Farm Progress is part of the Informa Markets Division of Informa PLC

This site is operated by a business or businesses owned by Informa PLC and all copyright resides with them. Informa PLC's registered office is 5 Howick Place, London SW1P 1WG. Registered in England and Wales. Number 8860726.

Serving: United States
young crop in field

Preserve soil — and profit

Land Values: What practices can you incorporate on your farm to reduce erosion and retain water-holding capacity?

By Ross Albert

As I work with landowners and tenants to build long-term management plans, we almost always talk about conservation — and specifically, what they can do to improve the farm’s health through cover crops, reduced tillage and water drainage.

As a manager of someone’s assets, I tend to link conservation to asset preservation. More specifically, we talk a lot about the use of cover crops, reduced tillage and water drainage. There are four key benefits I look to achieve when building a conservation plan, while keeping in mind the challenges that might arise.

1. Reduce surface water to reduce erosion. The most valuable possession on any farm is the top 6 to 12 inches of the soil profile. Anytime I walk a managed farm and see soil that has moved, I immediately begin formulating a plan to stop this movement. How can I get water into the ground and off the surface — where it has the most potential to move soil?

Field tile is often the answer. Most people think tile only has value in low-lying areas; however, I’ve found it’s just as important to drain the sidehills as it is to drain the draws. The sooner we get water in the ground, the less potential it has to erode soil. This, paired with reduced tillage and the use of cover crops, can substantially reduce soil erosion.

2. Increase water-holding capacity. Cover crops and reduced tillage can help increase water-holding capacity. Cover crops such as ryegrass can improve organic matter and soil structure, thus increasing water-holding capacity. Think about how it feels to walk on a grassed yard after a large rain compared to a bare piece of ground. The grassed yard can take on a “sponge” effect, while the bare soil may feel compacted and have more water runoff.

It’s an eye-opener to watch water infiltration tests on different types of management practices. My experience has shown that the cover crop and no-till scenario will show a much quicker infiltration rate, with that spongelike effect.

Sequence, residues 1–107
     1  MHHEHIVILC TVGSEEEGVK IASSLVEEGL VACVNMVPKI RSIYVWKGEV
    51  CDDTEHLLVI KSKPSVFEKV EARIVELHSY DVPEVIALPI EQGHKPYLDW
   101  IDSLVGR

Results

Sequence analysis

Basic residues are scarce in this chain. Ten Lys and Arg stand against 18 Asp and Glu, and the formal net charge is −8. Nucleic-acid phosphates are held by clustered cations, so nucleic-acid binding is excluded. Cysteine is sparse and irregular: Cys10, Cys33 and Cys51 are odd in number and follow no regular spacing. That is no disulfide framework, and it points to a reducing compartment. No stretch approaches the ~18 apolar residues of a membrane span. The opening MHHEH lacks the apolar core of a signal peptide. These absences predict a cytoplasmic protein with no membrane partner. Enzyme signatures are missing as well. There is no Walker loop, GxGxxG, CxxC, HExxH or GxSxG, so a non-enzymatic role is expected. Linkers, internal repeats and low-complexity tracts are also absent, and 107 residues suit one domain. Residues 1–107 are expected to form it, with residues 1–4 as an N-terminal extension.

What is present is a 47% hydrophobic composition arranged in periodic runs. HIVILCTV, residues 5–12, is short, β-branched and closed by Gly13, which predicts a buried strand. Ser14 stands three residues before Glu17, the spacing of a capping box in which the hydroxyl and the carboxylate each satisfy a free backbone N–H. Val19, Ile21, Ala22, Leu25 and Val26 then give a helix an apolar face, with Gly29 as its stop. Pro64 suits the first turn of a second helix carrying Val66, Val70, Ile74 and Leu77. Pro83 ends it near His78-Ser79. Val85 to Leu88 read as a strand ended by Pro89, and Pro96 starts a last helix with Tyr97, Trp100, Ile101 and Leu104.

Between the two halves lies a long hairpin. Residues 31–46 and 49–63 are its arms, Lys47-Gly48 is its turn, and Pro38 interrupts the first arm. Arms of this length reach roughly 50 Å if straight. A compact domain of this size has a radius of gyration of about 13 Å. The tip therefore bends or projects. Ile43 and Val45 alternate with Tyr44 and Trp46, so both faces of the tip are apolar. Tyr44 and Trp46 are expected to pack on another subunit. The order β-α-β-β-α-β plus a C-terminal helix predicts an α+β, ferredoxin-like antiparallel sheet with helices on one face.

3. Improve soil fertility. I had read articles discussing how using cover crops can improve soil fertility, but I was somewhat skeptical until I saw it firsthand on a managed farm. This farm has had continuous cover crops since 2012. Recent soil tests show a significant increase in fertilizer-availability levels when fertilizer has been applied based on basic removal levels. I can’t say I fully understand the chemistry behind why fertility levels have increased so much, but the soil tests prove that it has.

4. Increase weed control. Cover crops have also helped control weeds. We are all aware of the challenges associated with resistant weeds. Our experience has shown that cover crops such as ryegrass are suppressing weed pressures significantly. While cover crops aren’t free, they may be cheaper than added herbicide expenses to keep that farm clean otherwise.

As important as it is to understand the benefits of cover crops, you have to understand their limitations, too. I do not see cover crops being a fit on every acre. If your farm does not have a problem with weed control, erosion, water-holding capacity or fertility, implementing some of these conservation practice may not be beneficial. If you have a farm that you think is a fit, test the practice on a small scale first to make sure benefits outweigh costs. Think about a farm’s long-term health.

Seeing is believing, and I have found both success and failures with different conservation practices — but the successes have been large enough to encourage me to share with others.

Look at your farm as a long-term asset, and consider a plan that preserves its integrity, even if means giving up a little profitability upfront.

Albert is a farm manager with Soy Capital Ag Services, Bloomington, Ill. He is a member of the Illinois Society of Professional Farm Managers and Rural Appraisers, whose members regularly contribute to this column. Email farm management questions to Carroll Merry at

Hide comments


  • Allowed HTML tags: <em> <strong> <blockquote> <br> <p>

Plain text

  • No HTML tags allowed.
  • Web page addresses and e-mail addresses turn into links automatically.
  • Lines and paragraphs break automatically.